Friday, February 11, 2011

County of Los Angeles v. Hill (Cal. Ct. App. - Feb. 10, 2011)

It doesn't matter that a permit costs $11,500, that Los Angeles has never (ever) approved a permit, that the permitted zones are only in inaccessible places, and a plethora of other facts don't prove that Los Angeles County's permitting regulations for medical marijuana clinics are preempted by the Compassionate Use Act.  So holds the Court of Appeal.

I don't know why the plaintiffs could possibly think that Los Angeles County is simply refusing to allow clinics anywhere they'd be viable, in violation of the Compassionate Use Act.  I'm sure that Los Angeles is simply trying to zone them in the most appropriate places. 

Which is presumably also why, five weeks before oral argument on the appeal, Los Angeles County passed another ordinance -- effective twelve days before the argument -- that expressly declares that if the Court of Appeal holds its permitting scheme to be preempted or otherwise unlawful, Los Angeles County hereby categorically bans all permits for medical marijuana clinics.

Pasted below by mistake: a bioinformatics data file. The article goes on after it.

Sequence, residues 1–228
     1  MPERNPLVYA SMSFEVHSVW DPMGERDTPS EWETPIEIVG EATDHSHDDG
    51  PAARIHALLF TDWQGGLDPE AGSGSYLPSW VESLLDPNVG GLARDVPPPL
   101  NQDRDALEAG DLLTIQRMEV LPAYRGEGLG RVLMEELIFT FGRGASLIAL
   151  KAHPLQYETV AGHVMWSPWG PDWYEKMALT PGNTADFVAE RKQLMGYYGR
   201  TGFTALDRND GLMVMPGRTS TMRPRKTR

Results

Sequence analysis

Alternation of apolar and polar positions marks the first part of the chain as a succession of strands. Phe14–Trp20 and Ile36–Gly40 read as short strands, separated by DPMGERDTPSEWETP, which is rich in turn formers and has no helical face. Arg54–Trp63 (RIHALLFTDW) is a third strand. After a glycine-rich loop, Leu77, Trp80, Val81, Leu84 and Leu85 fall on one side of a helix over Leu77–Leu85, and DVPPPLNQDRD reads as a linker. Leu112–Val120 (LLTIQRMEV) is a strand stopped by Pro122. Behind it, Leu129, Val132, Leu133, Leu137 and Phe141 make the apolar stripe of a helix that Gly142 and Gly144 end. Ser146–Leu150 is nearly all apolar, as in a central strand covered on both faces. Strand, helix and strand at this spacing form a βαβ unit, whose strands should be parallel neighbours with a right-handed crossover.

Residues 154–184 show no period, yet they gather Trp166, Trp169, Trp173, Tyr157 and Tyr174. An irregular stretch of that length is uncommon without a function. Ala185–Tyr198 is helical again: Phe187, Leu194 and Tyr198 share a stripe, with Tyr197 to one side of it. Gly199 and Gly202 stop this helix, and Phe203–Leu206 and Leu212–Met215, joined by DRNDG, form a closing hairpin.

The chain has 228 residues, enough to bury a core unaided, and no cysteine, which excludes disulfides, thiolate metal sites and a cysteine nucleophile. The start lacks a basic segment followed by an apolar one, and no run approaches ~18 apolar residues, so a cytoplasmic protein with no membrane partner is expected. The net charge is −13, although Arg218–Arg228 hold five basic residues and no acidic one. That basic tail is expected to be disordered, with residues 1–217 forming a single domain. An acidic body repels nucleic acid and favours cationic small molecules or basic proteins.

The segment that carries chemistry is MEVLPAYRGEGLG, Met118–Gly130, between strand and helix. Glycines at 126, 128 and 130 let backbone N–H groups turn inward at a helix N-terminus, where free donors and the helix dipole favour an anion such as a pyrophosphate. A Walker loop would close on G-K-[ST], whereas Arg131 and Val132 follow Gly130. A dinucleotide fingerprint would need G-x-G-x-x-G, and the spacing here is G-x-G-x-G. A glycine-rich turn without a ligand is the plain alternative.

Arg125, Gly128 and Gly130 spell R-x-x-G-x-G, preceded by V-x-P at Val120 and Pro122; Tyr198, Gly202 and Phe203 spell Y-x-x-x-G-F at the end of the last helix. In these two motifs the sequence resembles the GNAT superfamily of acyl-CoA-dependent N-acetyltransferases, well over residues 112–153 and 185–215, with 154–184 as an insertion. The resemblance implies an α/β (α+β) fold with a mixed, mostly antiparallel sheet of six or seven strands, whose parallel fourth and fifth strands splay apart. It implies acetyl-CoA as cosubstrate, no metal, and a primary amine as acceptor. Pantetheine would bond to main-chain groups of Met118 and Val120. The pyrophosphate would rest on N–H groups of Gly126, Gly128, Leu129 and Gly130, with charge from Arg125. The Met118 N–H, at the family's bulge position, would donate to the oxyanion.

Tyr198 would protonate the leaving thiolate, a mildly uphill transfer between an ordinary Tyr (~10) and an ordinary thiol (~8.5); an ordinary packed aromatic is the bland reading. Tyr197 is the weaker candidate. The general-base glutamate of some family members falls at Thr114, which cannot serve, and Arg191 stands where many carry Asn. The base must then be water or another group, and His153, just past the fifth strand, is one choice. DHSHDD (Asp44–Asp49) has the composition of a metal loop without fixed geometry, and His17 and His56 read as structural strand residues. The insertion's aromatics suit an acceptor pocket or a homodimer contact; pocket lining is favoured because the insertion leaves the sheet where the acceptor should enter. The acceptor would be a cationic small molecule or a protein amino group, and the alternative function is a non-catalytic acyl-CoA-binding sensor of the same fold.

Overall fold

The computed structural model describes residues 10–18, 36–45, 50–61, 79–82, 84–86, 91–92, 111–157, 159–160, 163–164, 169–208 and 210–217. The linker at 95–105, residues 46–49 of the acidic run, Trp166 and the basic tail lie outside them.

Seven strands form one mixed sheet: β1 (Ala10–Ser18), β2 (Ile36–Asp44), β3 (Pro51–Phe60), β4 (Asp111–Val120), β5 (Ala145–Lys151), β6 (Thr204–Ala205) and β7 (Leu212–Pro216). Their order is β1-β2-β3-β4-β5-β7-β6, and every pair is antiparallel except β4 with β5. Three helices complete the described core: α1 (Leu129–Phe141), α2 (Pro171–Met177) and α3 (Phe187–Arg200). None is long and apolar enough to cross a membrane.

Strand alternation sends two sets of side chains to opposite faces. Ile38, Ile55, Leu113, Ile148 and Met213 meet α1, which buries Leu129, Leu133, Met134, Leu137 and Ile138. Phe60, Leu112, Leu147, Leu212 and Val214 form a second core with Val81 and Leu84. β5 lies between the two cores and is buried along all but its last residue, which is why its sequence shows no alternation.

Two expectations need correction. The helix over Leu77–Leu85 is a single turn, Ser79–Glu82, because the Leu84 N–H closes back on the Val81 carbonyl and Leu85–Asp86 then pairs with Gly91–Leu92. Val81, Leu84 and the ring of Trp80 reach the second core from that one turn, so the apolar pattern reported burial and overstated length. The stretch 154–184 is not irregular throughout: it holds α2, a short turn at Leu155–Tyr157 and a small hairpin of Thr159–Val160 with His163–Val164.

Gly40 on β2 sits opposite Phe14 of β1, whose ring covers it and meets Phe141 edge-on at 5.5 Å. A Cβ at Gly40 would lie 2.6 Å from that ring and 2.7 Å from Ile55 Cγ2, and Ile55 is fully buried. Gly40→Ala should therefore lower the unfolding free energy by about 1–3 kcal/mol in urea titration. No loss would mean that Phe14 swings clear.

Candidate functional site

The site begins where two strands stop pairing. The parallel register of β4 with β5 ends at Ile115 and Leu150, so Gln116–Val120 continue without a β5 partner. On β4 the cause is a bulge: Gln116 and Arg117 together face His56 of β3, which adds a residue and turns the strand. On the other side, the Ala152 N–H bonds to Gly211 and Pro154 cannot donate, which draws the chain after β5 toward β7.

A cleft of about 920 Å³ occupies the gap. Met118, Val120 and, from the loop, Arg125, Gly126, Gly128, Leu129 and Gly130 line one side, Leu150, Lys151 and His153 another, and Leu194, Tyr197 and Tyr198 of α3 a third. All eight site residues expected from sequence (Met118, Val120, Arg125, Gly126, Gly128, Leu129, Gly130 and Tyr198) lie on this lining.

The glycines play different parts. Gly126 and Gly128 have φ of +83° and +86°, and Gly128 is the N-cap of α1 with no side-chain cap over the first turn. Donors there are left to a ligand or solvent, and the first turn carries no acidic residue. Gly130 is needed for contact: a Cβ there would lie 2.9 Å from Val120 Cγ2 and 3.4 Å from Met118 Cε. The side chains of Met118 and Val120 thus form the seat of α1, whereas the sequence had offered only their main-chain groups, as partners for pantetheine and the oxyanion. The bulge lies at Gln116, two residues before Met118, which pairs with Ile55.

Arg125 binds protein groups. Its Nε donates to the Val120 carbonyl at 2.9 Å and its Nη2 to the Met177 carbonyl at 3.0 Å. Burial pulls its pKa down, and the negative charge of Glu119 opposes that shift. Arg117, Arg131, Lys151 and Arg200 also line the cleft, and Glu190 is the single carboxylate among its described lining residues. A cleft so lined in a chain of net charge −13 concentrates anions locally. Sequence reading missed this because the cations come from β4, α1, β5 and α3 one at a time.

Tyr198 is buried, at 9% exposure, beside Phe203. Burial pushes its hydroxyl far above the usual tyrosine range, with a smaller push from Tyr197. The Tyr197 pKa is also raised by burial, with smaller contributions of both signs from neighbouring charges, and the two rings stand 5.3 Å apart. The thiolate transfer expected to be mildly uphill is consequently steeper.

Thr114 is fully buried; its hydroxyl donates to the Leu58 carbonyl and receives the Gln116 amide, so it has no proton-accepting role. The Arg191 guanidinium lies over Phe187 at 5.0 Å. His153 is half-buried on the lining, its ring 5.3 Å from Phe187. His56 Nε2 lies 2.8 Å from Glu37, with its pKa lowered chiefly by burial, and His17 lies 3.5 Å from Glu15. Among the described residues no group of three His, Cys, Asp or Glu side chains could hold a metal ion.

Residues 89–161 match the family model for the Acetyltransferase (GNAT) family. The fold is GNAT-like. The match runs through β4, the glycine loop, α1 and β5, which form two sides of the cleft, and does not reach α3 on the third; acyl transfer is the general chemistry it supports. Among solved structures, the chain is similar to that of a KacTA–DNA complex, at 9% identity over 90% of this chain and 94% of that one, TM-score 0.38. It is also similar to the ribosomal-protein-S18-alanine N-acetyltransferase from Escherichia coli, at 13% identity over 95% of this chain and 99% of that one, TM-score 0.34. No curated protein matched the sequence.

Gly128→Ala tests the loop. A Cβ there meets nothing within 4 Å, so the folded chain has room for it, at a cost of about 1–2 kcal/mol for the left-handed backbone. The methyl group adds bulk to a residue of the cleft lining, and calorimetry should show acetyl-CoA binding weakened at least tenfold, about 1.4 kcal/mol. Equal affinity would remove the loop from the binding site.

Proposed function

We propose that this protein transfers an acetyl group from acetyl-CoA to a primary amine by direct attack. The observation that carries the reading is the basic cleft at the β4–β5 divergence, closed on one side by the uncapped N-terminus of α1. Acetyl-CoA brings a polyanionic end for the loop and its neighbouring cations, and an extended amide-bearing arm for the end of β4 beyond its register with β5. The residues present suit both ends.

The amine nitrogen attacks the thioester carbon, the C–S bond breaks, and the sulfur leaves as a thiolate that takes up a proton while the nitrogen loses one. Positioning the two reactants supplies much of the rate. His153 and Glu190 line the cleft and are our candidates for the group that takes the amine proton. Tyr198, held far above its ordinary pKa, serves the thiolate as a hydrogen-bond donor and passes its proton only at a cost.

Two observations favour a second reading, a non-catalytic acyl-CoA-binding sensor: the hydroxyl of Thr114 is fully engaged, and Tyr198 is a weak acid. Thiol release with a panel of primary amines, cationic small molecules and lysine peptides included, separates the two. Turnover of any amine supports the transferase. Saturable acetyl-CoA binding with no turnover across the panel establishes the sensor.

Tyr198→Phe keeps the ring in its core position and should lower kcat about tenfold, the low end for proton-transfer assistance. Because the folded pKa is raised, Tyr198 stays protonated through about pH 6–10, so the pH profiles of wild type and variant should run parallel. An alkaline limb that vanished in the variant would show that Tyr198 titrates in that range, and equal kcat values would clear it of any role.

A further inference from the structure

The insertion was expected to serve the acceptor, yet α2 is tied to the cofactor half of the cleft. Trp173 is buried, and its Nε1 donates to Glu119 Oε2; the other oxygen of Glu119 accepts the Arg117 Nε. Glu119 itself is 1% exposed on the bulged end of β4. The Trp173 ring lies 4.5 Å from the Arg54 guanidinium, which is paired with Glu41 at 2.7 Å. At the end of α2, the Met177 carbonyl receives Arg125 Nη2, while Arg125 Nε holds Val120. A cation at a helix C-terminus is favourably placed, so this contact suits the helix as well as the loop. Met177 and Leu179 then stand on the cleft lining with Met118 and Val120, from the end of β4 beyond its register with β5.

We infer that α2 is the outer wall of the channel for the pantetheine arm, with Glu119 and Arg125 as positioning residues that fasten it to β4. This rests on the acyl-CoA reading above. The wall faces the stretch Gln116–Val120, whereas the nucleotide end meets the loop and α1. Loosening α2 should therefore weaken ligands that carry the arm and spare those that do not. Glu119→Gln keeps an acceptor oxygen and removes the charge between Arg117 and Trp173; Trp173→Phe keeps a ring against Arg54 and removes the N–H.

Oh, wait.  That just totally shows their true intent in the existing permitting scheme.  Never mind.  Not relevant, according to the Court of Appeal.

P.S. - Another interesting fact:  In light of the passage of the new ordinance, all parties -- both plaintiff and defendants -- moved to dismiss the appeal.  But the Court of Appeal denied this unopposed joint request.  A fact that is mentioned nowhere in the opinion, and that is evident only from examination the last several entries on the docket sheet.